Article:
(Posted June 2, 2022) The Supreme Court of Virginia decides one of its oldest undecided appeals this morning. Albemarle County v. Route 29, LLC is a land-use appeal that addresses an interesting question: Can a developer make a voluntary proffer, get a rezoning based on that proffer, and later challenge enforcement of the proffer as an unconstitutional exaction?

The property is part of the Hollymead Town Center area, near the Charlottesville airport. It’s a few miles north of Charlottesville proper, and features a shopping mall anchored by a large department store. Fifteen years ago, the property’s owner sought a rezoning to develop it into that shopping center.

To persuade the County to grant the rezoning, the developer proffered the payment of up to half a million dollars, paid $50K a year, if and when the County extended public transportation to the site. The County agreed; the result is the shopping center that you can see today.

Eight years later, the County evaluated the prospect of expanding bus service to the site. That service had run in the past but was discontinued for lack of ridership. The County accordingly settled on a slimmed-down plan: a commuter shuttle that would operate during weekday morning and evening rush hours only. The County announced that it was relying on funds from the proffer to make this service financially viable.

The shopping center’s owner rebelled; it noted that this service would do nothing for its customers. It would instead serve folks who lived in northern Albemarle and worked in the City. There would be no service during the mall’s busiest times: midday on weekdays and all day Saturdays. The owner refused to pay the demanded proffers. That eventually led to a notice of zoning violation and a trip to circuit court.

The parties proceeded to a streamlined trial, providing the judge with stipulated facts and documents. The court considered the matter and ruled in favor of the owner, holding that the monetary demand was an unconstitutional application of the proffer: “there must be some nexus roughly relatable to the thing that you want to exercise the proffer for.” Because the commuter service addressed the needs of nearby citizens and not the shopping mall, the court held that the County could not collect the demanded money.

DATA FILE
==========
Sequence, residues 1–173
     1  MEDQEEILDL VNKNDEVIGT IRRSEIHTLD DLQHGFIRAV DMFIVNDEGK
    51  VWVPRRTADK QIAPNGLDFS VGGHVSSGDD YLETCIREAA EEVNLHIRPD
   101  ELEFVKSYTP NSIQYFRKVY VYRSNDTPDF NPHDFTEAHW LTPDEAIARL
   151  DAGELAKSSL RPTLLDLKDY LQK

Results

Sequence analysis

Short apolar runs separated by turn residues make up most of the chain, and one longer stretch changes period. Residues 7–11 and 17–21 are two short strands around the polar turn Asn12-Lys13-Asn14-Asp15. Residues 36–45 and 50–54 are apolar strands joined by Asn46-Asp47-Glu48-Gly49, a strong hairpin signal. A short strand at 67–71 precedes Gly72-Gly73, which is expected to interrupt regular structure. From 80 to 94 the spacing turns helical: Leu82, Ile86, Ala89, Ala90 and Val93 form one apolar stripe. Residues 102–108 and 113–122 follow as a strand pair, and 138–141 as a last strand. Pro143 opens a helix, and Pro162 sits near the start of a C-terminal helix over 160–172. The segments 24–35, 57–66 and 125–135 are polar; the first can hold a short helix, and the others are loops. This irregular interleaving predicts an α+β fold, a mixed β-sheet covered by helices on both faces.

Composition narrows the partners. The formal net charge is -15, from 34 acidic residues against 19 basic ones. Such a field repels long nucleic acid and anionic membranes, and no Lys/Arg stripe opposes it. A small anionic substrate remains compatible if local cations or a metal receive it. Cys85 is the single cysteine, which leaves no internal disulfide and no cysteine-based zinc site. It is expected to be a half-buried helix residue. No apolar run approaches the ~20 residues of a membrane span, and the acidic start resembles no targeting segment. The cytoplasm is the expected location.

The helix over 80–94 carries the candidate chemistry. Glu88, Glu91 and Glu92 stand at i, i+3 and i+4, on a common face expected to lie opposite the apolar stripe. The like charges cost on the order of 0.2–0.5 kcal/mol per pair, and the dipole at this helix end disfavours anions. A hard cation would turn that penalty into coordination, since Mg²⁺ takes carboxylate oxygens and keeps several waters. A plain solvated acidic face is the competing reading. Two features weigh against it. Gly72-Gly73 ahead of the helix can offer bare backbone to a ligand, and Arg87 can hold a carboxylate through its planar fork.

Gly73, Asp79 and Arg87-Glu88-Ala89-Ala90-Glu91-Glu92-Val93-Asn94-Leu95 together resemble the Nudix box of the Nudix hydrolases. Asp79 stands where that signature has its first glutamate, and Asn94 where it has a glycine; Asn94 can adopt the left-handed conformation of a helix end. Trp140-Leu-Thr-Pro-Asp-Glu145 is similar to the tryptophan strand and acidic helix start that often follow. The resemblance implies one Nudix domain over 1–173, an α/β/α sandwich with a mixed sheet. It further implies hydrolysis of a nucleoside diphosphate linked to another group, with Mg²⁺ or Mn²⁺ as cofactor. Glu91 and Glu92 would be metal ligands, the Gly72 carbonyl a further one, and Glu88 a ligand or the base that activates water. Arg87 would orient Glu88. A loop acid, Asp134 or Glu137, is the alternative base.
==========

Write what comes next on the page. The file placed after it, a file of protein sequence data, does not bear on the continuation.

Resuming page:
Today the Supreme Court unanimously agrees with the circuit court. This kind of condition amounts to an exaction: an agreement to permit development only if the owner surrenders a constitutional right. Here, the money demanded arose from a situation – the growth of residential communities in that area of Albemarle – that didn’t stem from the mall’s development. The Supreme Court rules that the voluntary nature of the proffer doesn’t deprive the owner of the right to challenge this proposed application of it. The court adds today that if the County ever does start offering real public transportation to the site, then the owner will have to start paying.

Today’s opinion comes from the January argument docket. There’s one undecided appeal left from that session; eight appeals remain from the March session and eight more from April. The June session begins next Wednesday and ends the next morning, with a forlorn four appeals on the argument docket. It should be a quiet summer at Ninth and Franklin.